Functions of nominal classification

Abstract

NOTICE: this is the authors' version of a work that was accepted for publication in Language Sciences. Changes resulting from the publishing process, such as peer review, editing, corrections, structural formatting, and other quality control mechanisms may not be reflected in this document. Changes may have been made to this work since it was submitted for publication. A definitive version was subsequently published in Abstract Nominal classification systems are generally categorized on the basis of morphosyntactic criteria. However, the functional motivations for these phenomena do not coincide directly with their morphosyntactic properties: some functions are shared by diverse systems, and each morphosyntactic type may serve diverse communicative functions. We provide a functional typology for nominal classification, including both noun class and classifier systems. We focus on two types of functions: semantic, i.e., the use of classification markers to expand the referential power of the lexicon, and discourse/pragmatic, i.e., the use of classification markers to establish and manipulate the status of discourse referents. We identify functions that are shared by formally diverse systems as well as functions that depend on means of expression. We also review psycholinguistic evidence for the role of nominal classification in language comprehension and production. 1. Introduction 1 Nominal classification systems are generally categorized on the basis of morphosyntactic criteria, and studies of these systems have identified a range of communicative functions such as tracking of discourse referents or presentation of them from different perspectives (see below for discussion and references). However, the functional motivations for these grammatical phenomena do not coincide directly with their morphosyntactic properties: some functions are shared by formally diverse systems, and each morphosyntactic type may serve diverse communicative functions. Also, studies of nominal classification sometimes differ in their definitions of terms, in their goals, and in the phenomena that they focus on. In this paper we aim to provide a systematic framework for describing functional motivations for nominal classification, including both noun class and classifier systems. We identify the most important functions, relate function to means of expression, and compare functions across morphosyntactic forms. Due to space constraints we will focus on the question of functions of nominal classification itself rather than on the issue of the extent to which the principles for assigning nouns to classes are semantically motivated. We also take a synchronic perspective on nominal classification systems rather than tracing their historical origins (see, e.g., Aikhenvald, 2000, chapters 11–13 …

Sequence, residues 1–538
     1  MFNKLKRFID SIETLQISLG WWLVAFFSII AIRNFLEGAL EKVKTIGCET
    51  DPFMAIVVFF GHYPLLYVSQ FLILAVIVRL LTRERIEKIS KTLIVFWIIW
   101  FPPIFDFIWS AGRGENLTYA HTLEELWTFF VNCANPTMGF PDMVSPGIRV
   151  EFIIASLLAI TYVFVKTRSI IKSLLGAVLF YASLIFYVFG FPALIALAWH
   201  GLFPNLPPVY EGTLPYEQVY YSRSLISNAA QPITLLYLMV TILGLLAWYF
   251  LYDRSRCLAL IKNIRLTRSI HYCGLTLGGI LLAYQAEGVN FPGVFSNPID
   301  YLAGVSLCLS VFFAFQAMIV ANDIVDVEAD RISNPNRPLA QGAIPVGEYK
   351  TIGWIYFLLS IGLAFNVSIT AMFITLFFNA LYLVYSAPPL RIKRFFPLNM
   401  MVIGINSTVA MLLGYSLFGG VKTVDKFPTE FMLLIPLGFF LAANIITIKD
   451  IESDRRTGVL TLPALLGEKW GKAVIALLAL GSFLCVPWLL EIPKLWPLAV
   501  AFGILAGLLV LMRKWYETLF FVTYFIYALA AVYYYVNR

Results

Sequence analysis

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@inproceedings{ContiniMorava2015FunctionsON, title={Functions of nominal classification}, author={Ellen Contini-Morava and Marcin Kilarski and Adam Mickiewicz}, year={2015} }